i saw a post on tumblr about harassment and i was really touched, so i decided to make this.
"no" does not mean "yes."
you cannot consent if you're drunk.
if someone's asleep, they cannot consent.
harassing someone whose gender preferences do not align with yours is still harassment (it's not okay to grope someone you're not sexually attracted to).
no reply does not equal consent.
someone inviting you into their room does not automatically equal consent.
if someone under the influence of drugs/alcohol initiates activity, break it off. that does not mean consent.
possible tw for attempted non-con, etc. nothing too graphic, really, but if it's not your cup of tea, then i'd suggest you don't read.
that's all i have to say. no one deserves to feel unsafe walking outside their house. that's it.
. . .
People like to look at Piper McLean if they pass by her, perchance, on the street. Piper hates it.
Sometimes there are grubby men who leer at her and sometimes there are envious women eyeing her, and there are other times when there are young men who whisper in her ears, "I can show you a good time."
Piper's lucky. When she tells them to "Go away, please," fearfully, they leave. She doesn't understand it, but she doesn't complain.
There are sometimes women, too. They'll look at her lustfully.
"You look like a prize," one says, smirking at her in a way she is not fond of.
"You don't," replies Piper. "Not interested."
And then there are the scruffy men who pull her into alleys and grope at her, but they release her almost reverently when Piper screams, "No!"
It's an odd thing, a terrible thing, Piper muses, that she is beautiful.
. . .
Drew Tanaka doesn't quite care who she gets with as long as it's a consensual thing, see? She doesn't care if it's a man or a woman or anyone of any other gender — people are who they want to be and that's that. Drew just likes a good time.
What is not a good time is when people look at her with attracted eyes, tell her, "I want you, honey," or even touch her where she doesn't want to be touched.
Drew's lucky, too. She snaps, "Stop," and they do.
The times Drew Tanaka cares who she gets with is when it's a non-consensual thing, see.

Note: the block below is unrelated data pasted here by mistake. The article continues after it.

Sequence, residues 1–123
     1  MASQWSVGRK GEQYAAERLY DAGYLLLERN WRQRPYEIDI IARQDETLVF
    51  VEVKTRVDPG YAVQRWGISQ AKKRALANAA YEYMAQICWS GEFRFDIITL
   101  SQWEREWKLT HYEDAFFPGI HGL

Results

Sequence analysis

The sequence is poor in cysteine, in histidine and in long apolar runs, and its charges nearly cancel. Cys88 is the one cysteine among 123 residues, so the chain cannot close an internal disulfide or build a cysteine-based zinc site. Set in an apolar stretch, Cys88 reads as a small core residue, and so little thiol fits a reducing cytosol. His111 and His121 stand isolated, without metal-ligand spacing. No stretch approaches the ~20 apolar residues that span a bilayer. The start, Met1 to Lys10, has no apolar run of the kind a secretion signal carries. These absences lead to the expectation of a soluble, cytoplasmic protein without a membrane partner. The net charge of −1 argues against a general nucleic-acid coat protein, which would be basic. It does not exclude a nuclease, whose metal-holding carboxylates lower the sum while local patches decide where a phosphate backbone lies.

. . .
Lacy is not quite so lucky. She screeches sometimes, "Don't lay a finger on me, stop it!" but her pleas fall on deaf ears. No one listens.
Finally she tires of the game. Her feet are unrestrained. She kicks the perpetrators where it hurts. And she runs. Lacy runs and runs and runs.
They like to look at her. "You're a pretty little thing, honey," they say sometimes.
"Get away from me," Lacy says. No one does; if anything they come closer.
And Lacy will try, she really will, but sometimes they succeed in getting their scummy lips on her or touching her where she would really not like to be touched.
Lacy runs. She runs and runs and runs.
. . .
Mitchell had thought he was safe. He's wrong.
Everyone looks at him. Men, women, everyone. Anyone.
"So handsome, it's a shame," someone says. The voices blur into everything and anything and in between. Mitchell feels like he's fading sometimes.
The person moves closer. Mitchell backs farther.
"Don't be scared," the voice calls, and reaches a long, pale hand to his face, cupping his cheek.
"Get — get away!" Mitchell screams.
"Not a chance."
Mitchell tries to get away, to wriggle out of the person's mighty grasp, but he's small and he's just another pretty face, and he's not much of a fighter — but then there's another voice:
"Just what are you doing to that boy?"
The hands release him. The other voice whispers comforts — "Don't worry. People will be people, darling, but you'll be alright."
Mitchell feels like he's fading. He thinks he's already melted, sometimes.
. . .
This is the way it is. The Aphrodite kids learn to expect it. They learn to deflect it. They learn to get rid of it.
They shouldn't have to. But they do.
This is how they live.
"And people will be people…"
"You're quite pretty, you know, it attracts unwanted attention…"
"Maybe, then, you shouldn't be asking for it with that face and those clothes…!"
This is the way it is. They learn. They hate it; they shouldn't have to learn. But they do, and some days there is no one there to rescue them or whisper comforts to them but the wind — the bitter, harsh wind.